“Our intention, and that of the IIHF, is to reconnect with this event as a world championship in 2021 in Canada,” said Renney. “That’s our number one objective. We have every desire to hold this event in Canada.”

(Reporting by Steve Keating in Toronto, Editing by Ed Osmond)

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Nick Foligno hopes to make Leafs debut Thursday vs. Jets



Former Columbus Blue Jackets captain Nick Foligno is eyeing Thursday as his potential debut for the Toronto Maple Leafs, he said on an podcast.

The Maple Leafs acquired the left wing on April 11 in a three-team trade with Columbus and the San Jose Sharks, with each team retaining a portion of Foligno’s salary so he can join the North Division leaders for their Stanley Cup pursuit. Toronto visits the Winnipeg Jets on Thursday.

Because he moved from the U.S. to Canada, Foligno was required to quarantine for seven days before joining his new team for practices and games, in accordance with COVID-19 protocols.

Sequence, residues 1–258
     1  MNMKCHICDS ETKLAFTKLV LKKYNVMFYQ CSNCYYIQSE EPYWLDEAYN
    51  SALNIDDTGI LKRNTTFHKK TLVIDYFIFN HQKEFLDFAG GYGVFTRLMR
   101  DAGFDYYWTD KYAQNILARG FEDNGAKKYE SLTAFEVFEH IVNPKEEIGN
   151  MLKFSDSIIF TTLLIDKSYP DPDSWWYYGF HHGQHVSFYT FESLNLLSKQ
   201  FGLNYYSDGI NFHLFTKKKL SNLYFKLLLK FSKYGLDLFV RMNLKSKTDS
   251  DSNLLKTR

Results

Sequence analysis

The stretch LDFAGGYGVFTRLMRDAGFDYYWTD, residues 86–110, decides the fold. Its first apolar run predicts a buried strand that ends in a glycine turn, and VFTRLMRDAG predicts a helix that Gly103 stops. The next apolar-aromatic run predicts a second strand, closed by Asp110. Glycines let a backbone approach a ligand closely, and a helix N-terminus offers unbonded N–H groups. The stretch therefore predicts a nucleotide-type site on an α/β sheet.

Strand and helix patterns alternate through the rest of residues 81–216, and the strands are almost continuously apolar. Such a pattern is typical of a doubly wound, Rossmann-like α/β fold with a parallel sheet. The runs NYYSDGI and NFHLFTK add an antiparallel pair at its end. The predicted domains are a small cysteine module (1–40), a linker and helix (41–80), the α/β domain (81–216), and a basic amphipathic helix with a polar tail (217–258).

“Seven days of just nothing, and then you jump right into it, it would be nice to probably have a practice, but I rather just that — let’s go,” Foligno said on “The Chirp with Darren Millard.” “I’m here to play for them and get this thing rolling, so I probably prefer just to jump right into it and get going.”

If the Leafs put Foligno in their lineup Thursday at Winnipeg, he’ll get to play against his former Columbus teammate, Pierre-Luc Dubois.

Foligno played eight-plus seasons for the Blue Jackets and his first five NHL seasons with the Ottawa Senators. In 950 career games, he has tallied 203 goals and 279 assists.

The Maple Leafs sent their 2021 first-round pick and 2022 fourth-rounder to Columbus and their 2021 fourth-rounder to San Jose in order to add Foligno to their stacked group of forwards, which includes NHL goal-scoring leader Auston Matthews, John Tavares and Mitch Marner.


Foligno’s father, Mike Foligno, was an NHL veteran who played parts of four seasons for the Leafs


(Field Level Media)